|Garner, Joseph - Purdue University|
|Johnson, Anna - Iowa State University|
|Marchant-forde, Ruth - Purdue University|
|Lay, Jr, Donald - Don|
Submitted to: Journal of Animal Science
Publication Type: Abstract Only
Publication Acceptance Date: 4/5/2011
Publication Date: 7/11/2011
Citation: Marchant Forde, J.N., Garner, J.P., Johnson, A.K., Marchant-Forde, R.M., Lay Jr, D.C. 2011. The effects of group size on aggression when mixing unacquainted sows in outdoor paddocks. Journal of Animal Science. Proceedings.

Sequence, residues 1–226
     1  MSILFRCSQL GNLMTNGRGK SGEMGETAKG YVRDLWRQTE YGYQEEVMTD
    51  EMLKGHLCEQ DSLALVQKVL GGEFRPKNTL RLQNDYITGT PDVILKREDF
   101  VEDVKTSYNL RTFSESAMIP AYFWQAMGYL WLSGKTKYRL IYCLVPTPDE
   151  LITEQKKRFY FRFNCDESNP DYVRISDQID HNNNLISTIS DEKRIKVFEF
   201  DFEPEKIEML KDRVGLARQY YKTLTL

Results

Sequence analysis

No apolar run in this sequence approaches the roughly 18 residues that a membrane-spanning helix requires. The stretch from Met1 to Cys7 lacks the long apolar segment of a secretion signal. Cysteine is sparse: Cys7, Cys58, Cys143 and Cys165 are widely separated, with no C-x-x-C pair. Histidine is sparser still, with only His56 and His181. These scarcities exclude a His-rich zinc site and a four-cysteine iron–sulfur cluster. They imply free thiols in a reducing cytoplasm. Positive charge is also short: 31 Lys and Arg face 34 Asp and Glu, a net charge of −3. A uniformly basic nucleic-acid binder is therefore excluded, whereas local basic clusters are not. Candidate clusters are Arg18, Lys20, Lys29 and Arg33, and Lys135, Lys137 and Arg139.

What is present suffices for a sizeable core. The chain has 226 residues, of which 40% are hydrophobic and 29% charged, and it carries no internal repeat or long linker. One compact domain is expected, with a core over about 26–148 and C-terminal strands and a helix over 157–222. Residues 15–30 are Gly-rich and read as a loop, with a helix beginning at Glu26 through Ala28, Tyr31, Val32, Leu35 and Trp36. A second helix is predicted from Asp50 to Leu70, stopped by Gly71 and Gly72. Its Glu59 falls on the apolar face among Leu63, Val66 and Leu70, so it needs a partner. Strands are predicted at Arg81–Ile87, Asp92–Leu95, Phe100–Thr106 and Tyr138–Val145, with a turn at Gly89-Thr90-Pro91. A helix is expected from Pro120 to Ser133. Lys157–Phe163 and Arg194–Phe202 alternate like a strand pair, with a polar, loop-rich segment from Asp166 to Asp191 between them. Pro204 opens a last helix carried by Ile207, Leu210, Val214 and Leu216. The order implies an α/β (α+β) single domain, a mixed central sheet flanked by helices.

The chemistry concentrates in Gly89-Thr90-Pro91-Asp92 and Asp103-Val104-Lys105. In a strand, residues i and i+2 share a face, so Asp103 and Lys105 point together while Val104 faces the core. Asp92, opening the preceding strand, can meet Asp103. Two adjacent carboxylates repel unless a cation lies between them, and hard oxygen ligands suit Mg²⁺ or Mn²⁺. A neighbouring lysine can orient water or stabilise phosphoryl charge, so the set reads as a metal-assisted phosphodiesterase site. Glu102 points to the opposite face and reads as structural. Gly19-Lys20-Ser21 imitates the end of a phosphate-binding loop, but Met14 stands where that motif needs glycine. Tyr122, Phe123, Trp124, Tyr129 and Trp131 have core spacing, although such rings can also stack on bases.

Technical Abstract: Aggression is a challenge when pigs are kept in groups. Sows fight at mixing when space is limited but this project sought to determine the amount and type of aggression observed when unacquainted Berkshire sows were mixed in pairs or in two established sub-groups of three in outdoor paddocks. Treatment 1 (PR) used 16 pairs of sows mixed into a 5000 m**2 paddock. Treatment 2 (GP) used 28 unacquainted groups of 3 sows, with 2 groups mixed into a 5000 m**2 pen. Behavior was recorded continuously for 60 min post-mixing and all-occurrences sampling was used to extract social interactions. The data were analyzed to determine the number of social interactions that did or did not contain aggressive components (i.e. pushing, knocking or biting) and fighting defined as interactions that contained 10 or more reciprocated, aggressive component actions. Within each interaction, data were analyzed to determine the number of component actions and the number of aggressive component actions. The data were compared using a GLM, with treatment as a fixed effect. The number of social interactions was similar in GP (15.7 ± 2.7) and in PR (14.4 ± 2.5, P<0.001). The number of interactions that contained aggression was also similar (6.9 ± 1.4 v. 5.6 ± 1.2, P>0.05), but GP interactions contained more aggressive components (26.8 ± 2.5) than PR interactions (16.6 ± 1.4, P<0.05). Twelve of the 16 PR pairs fought and aggression occurred quickly, beginning with biting after 2.1 ± 0.4 interactions and 17.3 ± 6.9 components. In GP mixing, 8.5 ± 0.3 of the 15 possible pair combinations per group interacted, of which 5.6 ± 0.4 interacted aggressively and 1.5 ± 0.4 fought. A higher proportion of unacquainted pairs interacted aggressively (0.57 ± 0.07) and fought (0.17 ± 0.05) than acquainted pairs (0.10 ± 0.04 and 0 respectively, P<0.01). Bites were delivered quickly after 2.2 ± 1.7 interactions and 9.2 ± 2.6 components. Mixing pairs or groups of sows in paddocks did not prevent aggression. Aggression occurred quickly but reduced rapidly, with sows using space for avoidance. The results further our understanding of aggression at mixing and will help to identify best practice for producers.